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Old 4 Weeks Ago   #1
Worth1
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Default Change.

Posting this here maybe it will help.
It may seem I am going off in a direction not related to gardening or tomatoes but hang with me if you wish.

As an example I had a brother that had a drag car.
69 Plymouth Cuda with an alcohol burning big block motor over 500 cubic inches.
Here is how it relates.
When tuning that motor he would change something and t wouldn't work.
So he would leave it that way and change something else now it is ever worse so he would yet change something else to no avail.
He was a real hard head to say the least.
Starting to get the pictuer.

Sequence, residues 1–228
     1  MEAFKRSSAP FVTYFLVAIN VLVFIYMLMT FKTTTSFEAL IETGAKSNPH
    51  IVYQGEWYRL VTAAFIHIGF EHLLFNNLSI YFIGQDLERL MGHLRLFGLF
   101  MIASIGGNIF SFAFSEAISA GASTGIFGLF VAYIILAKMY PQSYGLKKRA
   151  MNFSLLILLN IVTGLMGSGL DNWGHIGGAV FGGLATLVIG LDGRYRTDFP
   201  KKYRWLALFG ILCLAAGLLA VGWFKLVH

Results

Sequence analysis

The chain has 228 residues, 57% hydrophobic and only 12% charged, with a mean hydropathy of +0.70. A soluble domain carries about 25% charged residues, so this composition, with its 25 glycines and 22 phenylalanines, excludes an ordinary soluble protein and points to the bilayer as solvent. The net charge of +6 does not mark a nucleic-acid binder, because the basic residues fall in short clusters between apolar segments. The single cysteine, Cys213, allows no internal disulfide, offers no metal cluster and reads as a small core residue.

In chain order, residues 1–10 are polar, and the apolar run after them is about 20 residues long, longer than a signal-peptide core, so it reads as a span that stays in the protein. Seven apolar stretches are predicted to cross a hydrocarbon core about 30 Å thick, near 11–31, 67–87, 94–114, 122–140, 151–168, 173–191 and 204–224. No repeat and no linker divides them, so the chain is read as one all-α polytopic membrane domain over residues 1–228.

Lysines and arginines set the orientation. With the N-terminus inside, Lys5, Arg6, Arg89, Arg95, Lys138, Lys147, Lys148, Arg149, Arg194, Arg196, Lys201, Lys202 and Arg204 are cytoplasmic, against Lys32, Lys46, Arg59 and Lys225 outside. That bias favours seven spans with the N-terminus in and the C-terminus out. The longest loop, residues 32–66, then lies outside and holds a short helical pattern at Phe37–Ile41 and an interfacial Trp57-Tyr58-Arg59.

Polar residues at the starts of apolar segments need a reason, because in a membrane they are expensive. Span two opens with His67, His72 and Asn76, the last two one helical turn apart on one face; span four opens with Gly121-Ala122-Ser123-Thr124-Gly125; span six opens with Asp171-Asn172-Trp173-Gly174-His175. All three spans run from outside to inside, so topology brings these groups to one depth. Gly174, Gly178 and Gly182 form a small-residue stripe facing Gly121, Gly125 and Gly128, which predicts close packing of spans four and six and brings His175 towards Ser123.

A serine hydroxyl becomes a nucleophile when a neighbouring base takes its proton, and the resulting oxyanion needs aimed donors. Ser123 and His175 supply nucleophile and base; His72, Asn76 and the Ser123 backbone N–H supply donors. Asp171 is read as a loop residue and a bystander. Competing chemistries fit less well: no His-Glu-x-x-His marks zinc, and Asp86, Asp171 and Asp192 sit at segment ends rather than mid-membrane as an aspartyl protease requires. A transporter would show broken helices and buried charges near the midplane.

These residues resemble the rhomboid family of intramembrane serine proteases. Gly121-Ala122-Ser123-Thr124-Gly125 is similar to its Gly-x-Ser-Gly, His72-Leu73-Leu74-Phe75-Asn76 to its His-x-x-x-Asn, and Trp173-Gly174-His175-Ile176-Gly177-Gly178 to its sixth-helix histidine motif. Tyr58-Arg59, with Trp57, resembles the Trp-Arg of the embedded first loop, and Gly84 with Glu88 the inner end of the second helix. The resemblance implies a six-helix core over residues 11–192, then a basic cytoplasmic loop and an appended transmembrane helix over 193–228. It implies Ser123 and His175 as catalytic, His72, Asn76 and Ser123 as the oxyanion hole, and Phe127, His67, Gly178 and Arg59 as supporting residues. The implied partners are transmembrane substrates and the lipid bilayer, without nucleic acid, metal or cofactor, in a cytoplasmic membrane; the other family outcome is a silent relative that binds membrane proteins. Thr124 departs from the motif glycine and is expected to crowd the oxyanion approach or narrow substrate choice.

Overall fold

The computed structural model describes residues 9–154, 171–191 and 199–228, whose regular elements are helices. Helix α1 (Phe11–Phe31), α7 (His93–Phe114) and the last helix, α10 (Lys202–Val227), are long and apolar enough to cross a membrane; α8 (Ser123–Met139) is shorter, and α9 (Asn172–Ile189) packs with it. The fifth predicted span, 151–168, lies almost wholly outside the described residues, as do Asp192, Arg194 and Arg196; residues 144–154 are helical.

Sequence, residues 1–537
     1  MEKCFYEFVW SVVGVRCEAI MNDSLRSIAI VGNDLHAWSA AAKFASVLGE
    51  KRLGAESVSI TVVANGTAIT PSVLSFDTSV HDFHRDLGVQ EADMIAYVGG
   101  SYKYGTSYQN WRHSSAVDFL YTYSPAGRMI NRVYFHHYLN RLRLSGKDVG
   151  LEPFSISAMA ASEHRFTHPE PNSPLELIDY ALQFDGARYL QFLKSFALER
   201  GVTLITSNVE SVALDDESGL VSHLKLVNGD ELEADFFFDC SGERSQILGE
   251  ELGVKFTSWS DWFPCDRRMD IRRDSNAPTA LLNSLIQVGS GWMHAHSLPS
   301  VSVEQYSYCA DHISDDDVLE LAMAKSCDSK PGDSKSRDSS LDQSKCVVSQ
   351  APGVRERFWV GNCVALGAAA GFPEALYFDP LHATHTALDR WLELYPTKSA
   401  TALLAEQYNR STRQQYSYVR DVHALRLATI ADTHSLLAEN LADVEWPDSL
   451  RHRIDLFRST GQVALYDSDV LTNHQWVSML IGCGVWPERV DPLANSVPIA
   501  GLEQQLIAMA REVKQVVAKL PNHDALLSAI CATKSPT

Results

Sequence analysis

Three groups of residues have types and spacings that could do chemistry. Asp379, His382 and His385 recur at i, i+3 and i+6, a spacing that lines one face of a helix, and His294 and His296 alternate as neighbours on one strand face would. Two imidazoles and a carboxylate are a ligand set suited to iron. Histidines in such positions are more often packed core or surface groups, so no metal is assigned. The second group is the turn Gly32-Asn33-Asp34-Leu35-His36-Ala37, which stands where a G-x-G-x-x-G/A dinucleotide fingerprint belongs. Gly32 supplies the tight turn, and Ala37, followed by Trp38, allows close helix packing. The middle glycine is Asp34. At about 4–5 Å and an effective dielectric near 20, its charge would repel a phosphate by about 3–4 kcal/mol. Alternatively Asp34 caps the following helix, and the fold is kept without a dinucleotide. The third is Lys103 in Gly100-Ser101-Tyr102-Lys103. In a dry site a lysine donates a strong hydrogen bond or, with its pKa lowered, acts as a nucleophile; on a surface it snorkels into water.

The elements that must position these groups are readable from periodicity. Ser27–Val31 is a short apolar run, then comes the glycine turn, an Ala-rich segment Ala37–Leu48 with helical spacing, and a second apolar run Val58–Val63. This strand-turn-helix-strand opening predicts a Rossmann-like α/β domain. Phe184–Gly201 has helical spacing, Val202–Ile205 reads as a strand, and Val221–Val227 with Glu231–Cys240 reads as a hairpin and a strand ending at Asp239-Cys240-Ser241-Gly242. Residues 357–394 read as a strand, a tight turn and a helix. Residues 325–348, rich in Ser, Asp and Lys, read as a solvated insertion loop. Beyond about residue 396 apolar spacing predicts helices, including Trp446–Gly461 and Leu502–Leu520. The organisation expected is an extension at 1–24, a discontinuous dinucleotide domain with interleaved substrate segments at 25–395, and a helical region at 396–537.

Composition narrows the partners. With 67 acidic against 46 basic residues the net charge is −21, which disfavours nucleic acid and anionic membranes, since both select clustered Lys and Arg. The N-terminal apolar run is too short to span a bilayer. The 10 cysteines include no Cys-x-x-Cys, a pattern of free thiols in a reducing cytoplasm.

When you are trying to improve something and it isn't working go back to where you started from if you can.
Yellow Stone is an example of people getting involved where they shouldn't be and ruing the system.
They made a change and then another change and it snowballed on them.

Back to that race car.
I ran him off put everything back to where it was made just ((one)) adjustment and the car ran so fast it darn near jerked his head off at the line.
The front end came off the ground about 3 feet.
When gardening look at what you have done.
Ask yourself.
Did it get better?
Didi it get worse?
Or was there no change?
Use controls to do this if you can.
Don't let your mind play tricks on you because you want to think that expensive cure all really worked you spent so much time and money on.
Don't pass on information if you haven't tested it yourself for proof.
Or you can really trust the source you got it from.

If you have a problem or an idea dont do it to every plant.
Test it on a few.
See what happens.

Things like sun, water, temperature, soil and fertilizer are at the top of the list.
Last but not least toss old habits and think outside the box sometimes.

Happy gardening and happy harvest.